Northwestern Medicine took the lead from Cleveland Clinic (CCF) in choosing the system as well as building physician mindshare, mapping out workflow and building the report templates. “We talked about templates, what they included, how CCF created theirs,” Schneider says. “We also realized we needed motivated people to be involved in building the templates. Some people would just take the package and say, ‘I’ll make this work for me’ but my advice is not to take that path. Identify what your lab needs, don’t overbuild and make things too complicated.”

Schneider’s approach was to make the machine do the work—“which is part of what structured reporting is about,” he says. “Every report looks the same, which is important for quality improvement. The people that credential our services expect the reports to look uniform. We provide precise and complete information to the physicians who refer patients to our laboratory.”

Well worth the effort is Ahmed’s opinion as well: “Reports are very comprehensive and every report comes out the same way regardless of who drafts it. Implementing it in the echo lab is much more complicated than any other area based on the 50 to 100 measurements required vs. 10 to 15 for a vascular study, but we were able to do it quite successfully. It’s a lot of work but worth the pain because once it’s there it makes your life so easy.” It also completed the pathway to echo lab accreditation across Northwestern Medicine.

The vascular lab was first to roll out structured reporting, with Schneider leading a team on visits to health systems using the CVIS connected to an Epic EMR, the system Northwestern Medicine has standardized on. He, Ahmed and Maszczyk then spent many months  developing templates. They made sure that everything could be done with structured reporting as well as allowing some flexibility to enable physicians to add special content by either typing or using speech recognition software.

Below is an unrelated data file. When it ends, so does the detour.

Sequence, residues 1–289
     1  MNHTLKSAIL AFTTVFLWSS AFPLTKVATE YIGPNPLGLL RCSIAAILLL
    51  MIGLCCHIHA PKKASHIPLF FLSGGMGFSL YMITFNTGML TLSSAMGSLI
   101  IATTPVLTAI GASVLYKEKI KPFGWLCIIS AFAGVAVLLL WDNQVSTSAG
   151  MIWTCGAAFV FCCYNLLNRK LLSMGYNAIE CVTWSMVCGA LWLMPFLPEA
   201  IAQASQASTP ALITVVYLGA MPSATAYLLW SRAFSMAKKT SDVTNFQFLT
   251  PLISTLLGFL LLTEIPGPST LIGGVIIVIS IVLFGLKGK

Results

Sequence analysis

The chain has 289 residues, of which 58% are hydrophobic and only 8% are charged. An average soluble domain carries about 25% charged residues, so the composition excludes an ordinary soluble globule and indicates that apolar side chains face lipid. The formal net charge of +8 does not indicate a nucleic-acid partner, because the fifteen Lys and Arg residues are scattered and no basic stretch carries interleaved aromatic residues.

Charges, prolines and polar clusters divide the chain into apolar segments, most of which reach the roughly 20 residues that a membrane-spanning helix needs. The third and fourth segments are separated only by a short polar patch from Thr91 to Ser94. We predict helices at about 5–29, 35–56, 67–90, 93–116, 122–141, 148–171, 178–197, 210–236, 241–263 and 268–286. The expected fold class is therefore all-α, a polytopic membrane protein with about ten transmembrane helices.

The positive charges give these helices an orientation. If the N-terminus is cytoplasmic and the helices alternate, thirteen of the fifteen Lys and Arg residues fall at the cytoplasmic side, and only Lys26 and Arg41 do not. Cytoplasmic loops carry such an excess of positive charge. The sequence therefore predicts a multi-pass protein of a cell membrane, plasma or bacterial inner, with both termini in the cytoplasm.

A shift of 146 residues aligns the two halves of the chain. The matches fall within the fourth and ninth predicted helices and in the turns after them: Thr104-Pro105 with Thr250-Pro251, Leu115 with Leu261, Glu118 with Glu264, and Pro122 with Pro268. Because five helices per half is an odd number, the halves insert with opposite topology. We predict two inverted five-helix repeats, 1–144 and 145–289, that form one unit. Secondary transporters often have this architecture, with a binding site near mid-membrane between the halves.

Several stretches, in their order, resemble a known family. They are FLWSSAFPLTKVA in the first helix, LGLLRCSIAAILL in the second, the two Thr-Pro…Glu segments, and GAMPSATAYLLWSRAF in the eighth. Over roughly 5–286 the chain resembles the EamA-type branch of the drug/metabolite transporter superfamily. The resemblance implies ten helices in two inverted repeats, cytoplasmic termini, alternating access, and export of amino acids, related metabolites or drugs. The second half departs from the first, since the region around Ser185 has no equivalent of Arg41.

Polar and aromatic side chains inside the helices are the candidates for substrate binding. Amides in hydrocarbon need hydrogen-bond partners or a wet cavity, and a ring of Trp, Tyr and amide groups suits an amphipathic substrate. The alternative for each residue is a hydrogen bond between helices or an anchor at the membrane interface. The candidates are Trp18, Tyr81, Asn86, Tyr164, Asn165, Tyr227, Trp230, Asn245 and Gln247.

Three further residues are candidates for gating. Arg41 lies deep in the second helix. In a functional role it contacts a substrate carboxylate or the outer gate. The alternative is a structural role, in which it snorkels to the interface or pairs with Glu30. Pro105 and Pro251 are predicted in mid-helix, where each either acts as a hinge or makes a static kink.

“We did what we wanted right from the start,” Schneider says. “We had a few tweaks here and there, but small stuff. CVIS made it easy, and more complete, right away.”

After they decided the CVIS was performing as required at Central DuPage Hospital, they expanded the system enterprise-wide including the Northwestern Medicine Delnor Hospital and the central and north regions.

Waleed Ahmed, MD, Northwestern Medicine Central DuPage Hospital
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At the heart of CVIS

Here’s how the CVIS works: syngo Dynamics runs on VMware servers in the data center. The user mineable database is Microsoft SQL. Disaster recovery is achieved with a replicated set of servers in off-site data centers separated by 30 miles. The system uses a short-term spinning disk archive. The long-term archive (LTA) is provided by the VNA as opposed to systems requiring a dedicated long-term archive and then duplicate the LTA within the VNA.

The CVIS interfaces with the Epic EMR. For example, when an order for a cardiac catheterization procedure is placed, the order info is passed to the CVIS and hemodynamic recording system. Once a procedure is performed, the results are forwarded to the EMR. An image link in the EMR allows physicians to view cardiology images. The EMR as a single point of access—a single view with a single click—enables review of information across the enterprise, alleviating the need for caregivers to learn multiple systems to see patient data.

“All of the DICOM images are encoded on a web  server which enables quick and easy viewing across the web,” Maszczyk says. “The link in the EMR is a URL which enables displaying the images.” Authentication for mandated access comes from the EMR, with CVIS users recognized as trusted partners. An HTTPS certificate allows external users to view images through the web portal.

Employed physicians have remote access through a Citrix VPN to access the EMR, while clinicians in the hospital use thin clients, eliminating the need for thick client PCs and providing optimal cybersecurity. Thin clients also reduce total cost of ownership by simplifying enterprise data management. Lightweight Directory Access Protocol or LDAP is used for external users, such as physicians at home or in an external office who need to access the CVIS and EMR. Referring physicians not part of Northwestern Medicine need authorization to access patient records remotely, which is based on rules in the EMR.

NM sites harmonized on Siemens Sensis for hemodynamic reporting, with bi-directional integration at the database level with the CVIS. When a physician would disagree with a lesion measurement in Sensis, he or she can edit the CVIS report which is automatically sent back to Sensis to keep the systems in sync. Bi-directional data flow ensures that the EMR is always current.